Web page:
I really appreciate your time and collaboration.” On the flip side, when the team takes longer to respond, refrain from sending a praise email. Systematically set new benchmarks for responding until you get close to or achieve your desired response time. Keep in mind this should be realistic. If your goal is for team members to respond within an hour of receiving your email, that is unlikely to happen as staff are likely teaching, in meetings, or engaging in other school-related duties. However, a response time goal of 24-48 hours is significantly more attainable.

8. Reflect on your effectiveness

Spend some time identifying what is working and helping you move closer to your goals and what is impeding progress. Identify where you can make a change to improve the overall effectiveness of your strategies. Keep in mind that any change you make will take time to show its effects, so you must apply it consistently, observe patiently, and assess whether it’s moving you in your desired direction.

9. Identify and reinforce one good outcome

Even if most of the meeting didn’t go the way you had hoped, find one good thing and praise it. Dig deep if you have to. Did the team let you share your concerns? Did they provide you with reports in advance? Did they stay later than the scheduled time to address all your agenda items? These little behaviors matter. Thank the team for the positive actions you observed, no matter how small, and reiterate your appreciation for them again in follow up. If you are consistent in this, those small positive changes will start happening more often over time. If you don’t, behavioral theory indicates that they probably will not happen again.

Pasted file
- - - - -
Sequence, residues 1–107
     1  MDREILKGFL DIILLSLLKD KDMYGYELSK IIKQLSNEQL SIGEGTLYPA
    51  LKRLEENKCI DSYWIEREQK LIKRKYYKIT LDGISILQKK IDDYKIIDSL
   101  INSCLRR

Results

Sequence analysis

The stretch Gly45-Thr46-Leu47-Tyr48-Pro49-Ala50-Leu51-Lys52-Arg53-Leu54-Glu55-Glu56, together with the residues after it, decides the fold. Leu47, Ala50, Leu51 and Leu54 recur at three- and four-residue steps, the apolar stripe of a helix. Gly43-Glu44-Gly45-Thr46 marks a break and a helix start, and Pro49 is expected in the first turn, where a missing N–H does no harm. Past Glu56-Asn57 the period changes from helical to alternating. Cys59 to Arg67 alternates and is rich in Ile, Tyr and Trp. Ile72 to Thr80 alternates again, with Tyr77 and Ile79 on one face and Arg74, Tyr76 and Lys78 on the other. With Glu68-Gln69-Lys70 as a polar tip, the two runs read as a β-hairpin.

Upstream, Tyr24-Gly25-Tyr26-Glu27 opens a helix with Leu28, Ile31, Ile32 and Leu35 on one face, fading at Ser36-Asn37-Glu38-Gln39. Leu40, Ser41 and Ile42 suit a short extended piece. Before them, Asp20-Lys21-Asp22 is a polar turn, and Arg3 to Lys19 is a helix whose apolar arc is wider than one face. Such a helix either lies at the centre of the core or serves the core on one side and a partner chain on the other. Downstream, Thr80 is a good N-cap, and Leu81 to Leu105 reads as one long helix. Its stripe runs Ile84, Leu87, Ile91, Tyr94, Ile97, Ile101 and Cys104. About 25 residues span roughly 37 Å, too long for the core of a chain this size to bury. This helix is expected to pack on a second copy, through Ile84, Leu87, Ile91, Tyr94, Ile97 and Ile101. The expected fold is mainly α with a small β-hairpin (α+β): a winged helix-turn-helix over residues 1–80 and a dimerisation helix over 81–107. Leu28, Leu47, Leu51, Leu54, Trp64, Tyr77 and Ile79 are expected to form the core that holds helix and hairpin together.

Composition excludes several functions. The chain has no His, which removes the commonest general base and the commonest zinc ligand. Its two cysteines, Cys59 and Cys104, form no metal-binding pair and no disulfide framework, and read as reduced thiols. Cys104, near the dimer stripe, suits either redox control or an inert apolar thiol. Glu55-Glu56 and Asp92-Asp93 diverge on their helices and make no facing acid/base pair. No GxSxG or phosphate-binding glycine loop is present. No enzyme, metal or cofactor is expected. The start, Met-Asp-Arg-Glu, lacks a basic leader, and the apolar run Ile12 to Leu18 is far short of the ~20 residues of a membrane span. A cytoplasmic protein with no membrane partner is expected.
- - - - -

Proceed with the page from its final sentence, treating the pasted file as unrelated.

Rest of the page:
10. Follow up in writing to clarify any questions you have

Within five business days, you will receive a copy of your child’s Individualized Education Plan (IEP), detailing conversations and decisions made at the PPT meeting. Don’t be afraid to ask questions; the lingo in these documents can be technical and confusing. But, being able to decipher the meaning behind the terminology is critical.  Requests for clarification in writing not only provide ongoing documentation but also serve as a time capsule that you can refer back to in moments of confusion.

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What did the speech provider say you should practice with your child at home? How many points did your child need to earn his “home reward?” What changes in schedule should you be prepping him or her for in the coming weeks? You are not expected to memorize this information. However, you may find it useful to get clarification in permanent product form that can be used as a guide when things get muddy in the future.